State v. Lee

Annotate this Case

74 S.E.2d 654 (1953)

237 N.C. 263


No. 2.

Supreme Court of North Carolina.

February 25, 1953.

Atty. Gen. Harry McMullan, Asst. Atty. Gen. T. W. Bruton, for the State.

LeRoy Scott, Washington, Albion Dunn, Greenville, for defendant appellant.

WINBORNE, Justice.

Four assignments of error: (1) Two predicated upon exceptions to portions of the charge as given by the court to the jury, and (2) two upon exceptions to alleged failure of the court to properly charge the jury, are presented upon this appeal. However, error is not made to appear.

In connection with the first two assignments of error it is appropriate to direct attention to the case State v. Carroll, *655 226 N.C. 237, 37 S.E.2d 688, 690, where defendant was charged with operating a motor vehicle while under the influence of narcotic drugs in violation of G.S. § 20-138, and where, in opinion by Denny, J., this Court, discussing the subject of "Under the influence of liquor", laid down this simple rule: "Before the State is entitled to a conviction under G.S. § 20-138, under which the defendant has been indicted, it must be shown beyond a reasonable doubt that the defendant was driving a motor vehicle on a public highway of this State, while under the influence of intoxicating liquor or narcotic drugs. And a person is under the influence of intoxicating liquor or narcotic drugs, within the meaning and intent of the statute, when he has drunk a sufficient quantity of intoxicating beverage or taken a sufficient amount of narcotic drugs, to cause him to lose the normal control of his bodily or mental faculties, or both, to such an extent that there is an appreciable impairment of either or both of these faculties."

And in the case of State v. Bowen, 226 N.C. 601, 39 S.E.2d 740, 741, involving a like charge, a portion of the charge was under scrutiny. There the Court pointed out that the chief difference in the charge given and the rule stated in State v. Carroll, supra, was that in the former the court used the clause "to be materially impaired", whereas in the Carroll case the words were "appreciable impairment". Then attention was called to the fact that the word "appreciable" as defined by Webster means "large or material enough to be recognized or estimated; perceptible; as an appreciable quantity", and that the word "materially" means "in an important regard or degree; substantially". Then this Court said that while the language of the rule in the Carroll case is preferred, yet the Court fails to see in that used in the instant case sufficient difference in meaning for the rule given in the Carroll case to have been misunderstood by the jury.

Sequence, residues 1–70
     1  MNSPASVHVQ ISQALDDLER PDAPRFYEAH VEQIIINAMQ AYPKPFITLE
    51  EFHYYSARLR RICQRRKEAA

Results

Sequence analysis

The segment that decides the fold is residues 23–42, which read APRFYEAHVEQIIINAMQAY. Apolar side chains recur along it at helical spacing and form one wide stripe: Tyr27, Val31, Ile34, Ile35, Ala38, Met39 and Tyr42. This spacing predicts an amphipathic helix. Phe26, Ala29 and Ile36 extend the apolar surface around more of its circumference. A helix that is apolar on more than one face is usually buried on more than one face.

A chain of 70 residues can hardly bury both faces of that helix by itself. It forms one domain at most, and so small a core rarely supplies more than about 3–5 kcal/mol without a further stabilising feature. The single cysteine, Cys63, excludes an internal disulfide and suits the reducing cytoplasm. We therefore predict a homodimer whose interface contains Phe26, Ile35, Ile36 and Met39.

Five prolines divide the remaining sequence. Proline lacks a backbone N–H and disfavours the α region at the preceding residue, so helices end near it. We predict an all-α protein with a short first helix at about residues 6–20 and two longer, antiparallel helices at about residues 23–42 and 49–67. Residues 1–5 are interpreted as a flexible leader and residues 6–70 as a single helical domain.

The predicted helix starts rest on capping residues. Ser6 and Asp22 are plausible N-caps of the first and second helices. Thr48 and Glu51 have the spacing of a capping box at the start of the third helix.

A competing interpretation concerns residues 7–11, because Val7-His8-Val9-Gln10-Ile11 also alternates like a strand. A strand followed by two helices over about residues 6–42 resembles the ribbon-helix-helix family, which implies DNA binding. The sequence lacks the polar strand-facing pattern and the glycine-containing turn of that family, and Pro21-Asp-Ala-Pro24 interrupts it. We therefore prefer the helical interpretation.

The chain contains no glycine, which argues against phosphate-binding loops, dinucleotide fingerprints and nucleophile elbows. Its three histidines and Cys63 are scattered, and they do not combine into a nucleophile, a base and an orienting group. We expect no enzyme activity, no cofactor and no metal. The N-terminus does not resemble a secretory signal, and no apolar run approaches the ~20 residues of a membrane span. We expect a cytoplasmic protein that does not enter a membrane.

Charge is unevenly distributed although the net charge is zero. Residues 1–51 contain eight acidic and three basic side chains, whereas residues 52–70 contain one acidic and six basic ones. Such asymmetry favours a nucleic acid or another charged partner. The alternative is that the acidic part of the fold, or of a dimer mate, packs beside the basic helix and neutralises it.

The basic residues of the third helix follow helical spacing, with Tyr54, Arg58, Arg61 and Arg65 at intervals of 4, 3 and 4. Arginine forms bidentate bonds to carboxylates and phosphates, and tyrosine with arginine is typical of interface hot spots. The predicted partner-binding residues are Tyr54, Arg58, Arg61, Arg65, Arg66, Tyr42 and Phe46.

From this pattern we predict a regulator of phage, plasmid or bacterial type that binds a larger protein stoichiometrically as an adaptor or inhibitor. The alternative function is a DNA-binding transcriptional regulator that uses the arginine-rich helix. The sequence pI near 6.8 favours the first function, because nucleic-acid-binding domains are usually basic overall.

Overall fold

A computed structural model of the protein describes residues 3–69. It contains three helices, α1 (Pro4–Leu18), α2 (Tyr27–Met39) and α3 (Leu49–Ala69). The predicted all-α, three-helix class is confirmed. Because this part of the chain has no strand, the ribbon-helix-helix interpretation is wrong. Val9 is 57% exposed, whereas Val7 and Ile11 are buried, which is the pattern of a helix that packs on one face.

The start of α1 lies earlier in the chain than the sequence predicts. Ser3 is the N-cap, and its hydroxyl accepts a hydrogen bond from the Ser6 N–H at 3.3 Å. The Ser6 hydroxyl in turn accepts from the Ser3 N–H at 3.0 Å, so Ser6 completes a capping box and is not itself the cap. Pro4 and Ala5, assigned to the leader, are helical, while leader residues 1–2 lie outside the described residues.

Now, in the case in hand, appellant contends that the use of the word "perceptibly" instead of the word "appreciably" without explanation of what it means, is prejudicial error. As stated in State v. Bowen, supra, "appreciable" means "perceptible". And Webster says "perceptible" means "able to perceive; perceptive; capable of being perceived; cognizable; discernible; perceivable". Again, this Court says that while the language of the rule in the Carroll case, supra, is preferred, we fail to see in the word "perceptible" sufficient difference in meaning and common understanding for the rule given in the Carroll case, supra, to have been misunderstood by the jury.

And, in passing on, it is worthy of note and emphasis that the Bowen case, and the present one, were brought up on appeals mainly upon exceptions to language paraphrasing the rule of law laid down in State v. Carroll, supra. And it is not plagiarism to use the exact language of a rule of law.

The third and fourth assignments of error relate to failure of the trial court, in charging the jury, to define "reasonable doubt", and "to charge the jury that it could find reasonable doubt, either from the evidence itself, or from the insufficiency of the evidence in the case".

Recurring to the record, it appears that, at the outset, the trial judge charged the jury as follows: "The defendant, Fred Lee, has entered a plea of not guilty. Under the law he is presumed to be innocent, and that presumption continues with and protects him throughout the trial and would entitle him to a verdict of not guilty, unless and until the State has offered evidence which satisfies you beyond a reasonable doubt of his guilt, and the burden rests upon the State to satisfy you before you can return an adverse verdict against the defendant. The question then arises, has the State offered such evidence? Does the evidence offered satisfy you to a moral certainty, or as we sometimes say, beyond a reasonable doubt that the defendant is guilty of the charge in the warrant? If it has so satisfied you it would be your duty to return a verdict of guilty. If it has not so satisfied you, then it would be your duty to acquit the defendant." And in closing the trial court repeated in substance the same instruction to the jury. These instructions *656 seem clear and understandable, and, in the absence of request for more specific instruction in the respects indicated by these assignments of error, the instruction given appears sufficient. State v. Whitson, 111 N.C. 695, 16 S.E. 332; State v. Lane, 166 N.C. 333, 81 S.E. 620; State v. Johnson, 193 N.C. 701, 138 S.E. 19; State v. Ammons, 204 N.C. 753, 169 S.E. 631.

In the Lane case, supra, the Court declared [166 N.C. 333, 81 S.E. 623]: "There is no particular formula prescribed by the law for defining or stating what is meant by a reasonable doubt."

The case appears to have been fairly presented to the jury; hence defendant must abide the judgment on verdict rendered.

No Error.